Larry Kudlow

Does anybody really believe that adding 50 million people to the public health-care rolls will not cost the government more money? About $1.5 trillion to $2 trillion more? At least.

So let’s be serious when evaluating President Obama’s goal of universal health care, and the idea that it’s a cost-cutter. Can’t happen. Won’t happen. Costs are going to explode.

Think of it: Can anyone name a federal program that ever cut costs for anything? Let’s not forget that the existing Medicare system is roughly $80 trillion in the hole.

And does anybody believe Obama’s new “public” health-insurance plan isn’t really a bridge to single-payer government-run health care? And does anyone think this plan won’t produce a government gatekeeper that will allocate health services and control prices and therefore crowd-out the private-insurance doctor/hospital system?

Federal boards are going to decide what’s good for you and me. And what’s not good for you and me. These boards will drive a wedge between doctors and patients.

The president, in his New York Times Magazine interview with David Leonhardt, said his elderly mother should not (in theory) have had a hip-replacement operation. Yes, Obama would have fought for that operation for his mother’s sake. But a federal board of so-called experts would have told the rest of us, “No way.”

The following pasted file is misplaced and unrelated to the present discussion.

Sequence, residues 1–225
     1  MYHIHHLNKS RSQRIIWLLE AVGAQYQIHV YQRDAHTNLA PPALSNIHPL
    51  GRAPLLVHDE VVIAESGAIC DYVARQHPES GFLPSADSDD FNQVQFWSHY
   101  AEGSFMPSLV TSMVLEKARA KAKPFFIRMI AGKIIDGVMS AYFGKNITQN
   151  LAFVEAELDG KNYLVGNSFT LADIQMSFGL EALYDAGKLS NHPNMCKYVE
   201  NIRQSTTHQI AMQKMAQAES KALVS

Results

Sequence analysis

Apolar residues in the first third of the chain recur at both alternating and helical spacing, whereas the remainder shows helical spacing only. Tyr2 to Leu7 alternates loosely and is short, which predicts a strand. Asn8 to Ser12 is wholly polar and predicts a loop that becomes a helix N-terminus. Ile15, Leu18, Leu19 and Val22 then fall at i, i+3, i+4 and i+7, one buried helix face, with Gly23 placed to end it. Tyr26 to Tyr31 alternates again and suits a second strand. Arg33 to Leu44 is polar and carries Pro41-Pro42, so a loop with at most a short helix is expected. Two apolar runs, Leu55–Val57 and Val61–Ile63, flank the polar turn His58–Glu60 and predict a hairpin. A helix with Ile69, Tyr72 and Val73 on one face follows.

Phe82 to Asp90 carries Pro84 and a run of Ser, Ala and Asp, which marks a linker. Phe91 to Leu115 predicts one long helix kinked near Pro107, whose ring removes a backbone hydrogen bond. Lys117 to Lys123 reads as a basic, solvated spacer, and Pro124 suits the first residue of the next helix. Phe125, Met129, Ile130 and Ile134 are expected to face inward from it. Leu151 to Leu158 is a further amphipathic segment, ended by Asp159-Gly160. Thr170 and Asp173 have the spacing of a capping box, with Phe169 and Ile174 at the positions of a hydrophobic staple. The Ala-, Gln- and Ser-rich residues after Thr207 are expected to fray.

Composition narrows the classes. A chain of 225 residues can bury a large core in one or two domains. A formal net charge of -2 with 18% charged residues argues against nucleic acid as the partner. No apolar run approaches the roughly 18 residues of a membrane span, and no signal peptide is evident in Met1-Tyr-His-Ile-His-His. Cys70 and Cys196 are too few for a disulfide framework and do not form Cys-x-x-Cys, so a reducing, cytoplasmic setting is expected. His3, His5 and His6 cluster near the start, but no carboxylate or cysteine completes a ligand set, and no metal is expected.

And then there’s the charade of all those private health providers visiting the White House and promising $2 trillion in savings. Utter nonsense.

And even if you put aside the demerits of a government-run health system, Obama’s health-care “funding” plans are completely falling apart. Not only will Obama’s health program cost at least twice as much as his $650 billion estimate, but his original plan to fund the program by auctioning off carbon-emissions warrants (through the misbegotten cap-and-trade system) has fallen through. In an attempt to buy off hundreds of energy, industrial, and other companies, the White House is now going to give away those carbon-cap-emissions trading warrants. So all those revenues are out the window. Fictitious.

Anyway, the cap-and-tax system won’t pass Congress. The science is wrong. The economics are root-canal austerity -- Malthusian limits to growth. And there are too many oil and coal senators who will vote against it.


Larry Kudlow

Lawrence Kudlow is host of CNBC’s “The Kudlow Report,” which airs nightly from 7 p.m. to 8 p.m.